TVLINE | Often when a major character dies — especially unexpectedly like this — the reaction from fans tends to be that they didn’t need to die, and they could have been kept alive offscreen. But in this case, did it feel like Billy’s death was the only plausible option here?
DIGGS | Yes. And I think [Carroll] also did. The easiest choice would have been for me to teach at some college, but then given the intensity of the relationships between me and my family, and me and the team, it would not make sense if I was still alive and wasn’t still in contact with these children of mine — these students, these young men that had such an influence on my life. When I was told how I was exiting, I was impressed. [Laughs] No characters I’ve played have ever been dealt with in that fashion. I was honored.
CARROLL | I was like, “Listen, there’s only one way Billy leaves the show.” He would never leave his kids. He would never leave his wife after fighting to get his family back together and go take a coaching gig in Florida. I was like, “Just so we’re all clear, when it is time for Billy to go, there’s only one way he goes.” And I think that part was a surprise to Taye. He was like, “Huh!” But I’d always had that vision in my head, and even though we hadn’t even started Season 5, I knew what it would be, and I knew where it would fall if we did it that season. So I pitched him a whole episode, almost act by act. And there was a moment of silence. I was like, “Oh my God, did I lose him? Did he drop the call? Is he cursing me out in his head?” [Laughs] And then I realized he was actually really emotional. He said, “I never, in a million years, imagined it would be that kind of heroic sendoff.” And I was like, “It’s Billy Baker. Of course it is!” This is a man who takes in other people’s kids as his own. There’s only one way for him to go.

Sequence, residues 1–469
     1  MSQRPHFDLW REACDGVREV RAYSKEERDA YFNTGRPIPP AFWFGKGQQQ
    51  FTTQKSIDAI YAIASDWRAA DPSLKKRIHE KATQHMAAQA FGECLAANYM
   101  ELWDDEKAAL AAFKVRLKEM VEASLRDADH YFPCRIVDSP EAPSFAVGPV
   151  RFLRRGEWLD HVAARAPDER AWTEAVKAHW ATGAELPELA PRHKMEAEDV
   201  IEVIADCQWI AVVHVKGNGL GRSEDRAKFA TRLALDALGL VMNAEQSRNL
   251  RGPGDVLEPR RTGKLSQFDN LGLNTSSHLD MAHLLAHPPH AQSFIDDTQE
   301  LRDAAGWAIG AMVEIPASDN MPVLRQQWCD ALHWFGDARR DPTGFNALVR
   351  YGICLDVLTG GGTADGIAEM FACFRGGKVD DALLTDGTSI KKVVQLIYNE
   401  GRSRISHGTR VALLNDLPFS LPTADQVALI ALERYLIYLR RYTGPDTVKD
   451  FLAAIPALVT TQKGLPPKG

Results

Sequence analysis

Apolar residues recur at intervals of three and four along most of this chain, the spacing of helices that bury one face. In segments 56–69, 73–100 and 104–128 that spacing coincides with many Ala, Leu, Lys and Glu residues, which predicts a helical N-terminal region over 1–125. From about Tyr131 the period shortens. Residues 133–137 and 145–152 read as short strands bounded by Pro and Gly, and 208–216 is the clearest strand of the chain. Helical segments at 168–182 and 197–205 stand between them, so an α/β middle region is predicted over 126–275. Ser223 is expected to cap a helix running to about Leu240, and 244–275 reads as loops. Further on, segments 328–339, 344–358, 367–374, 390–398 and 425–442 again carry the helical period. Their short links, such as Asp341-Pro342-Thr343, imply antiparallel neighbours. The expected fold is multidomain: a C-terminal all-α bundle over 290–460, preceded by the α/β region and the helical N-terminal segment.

…God bless the cast. It’s their best work. They gave it everything, and did it with that layer [of knowledge] from Episode 1 of Season 5, knowing where it was going. If you go back, you’ll see pockets of moments. You’ll see a moment where Billy’s sitting down with Jordan in a very early episode — it’s Episode 1! — and he says to him, “You need to learn to make these decisions for yourself, because I’m not always gonna be here.” And you see that hit Jordan. It is such a fleeting moment, and it’s not until you go back and watch it that you’re like, “Oh my gosh. They knew.” In some way, it was almost like in his gut, Billy knew he’s not going to be here for long.
TVLINE | I was struck by the decision not to show us the actual moment of Billy’s death in this episode. Tell me about that choice.
CARROLL | For one, I wanted us to experience it and find out with our cast. I wanted us to find out when Spencer was finding out, when Laura was finding out. As we’re watching Spencer piece it together, I wanted us to piece it together, like, “Wait, we just saw him. He was outside the bus. Of course he’s coming home!” I wanted the audience to experience that with the characters, and that’s why I didn’t want to show it at the end of Act 5.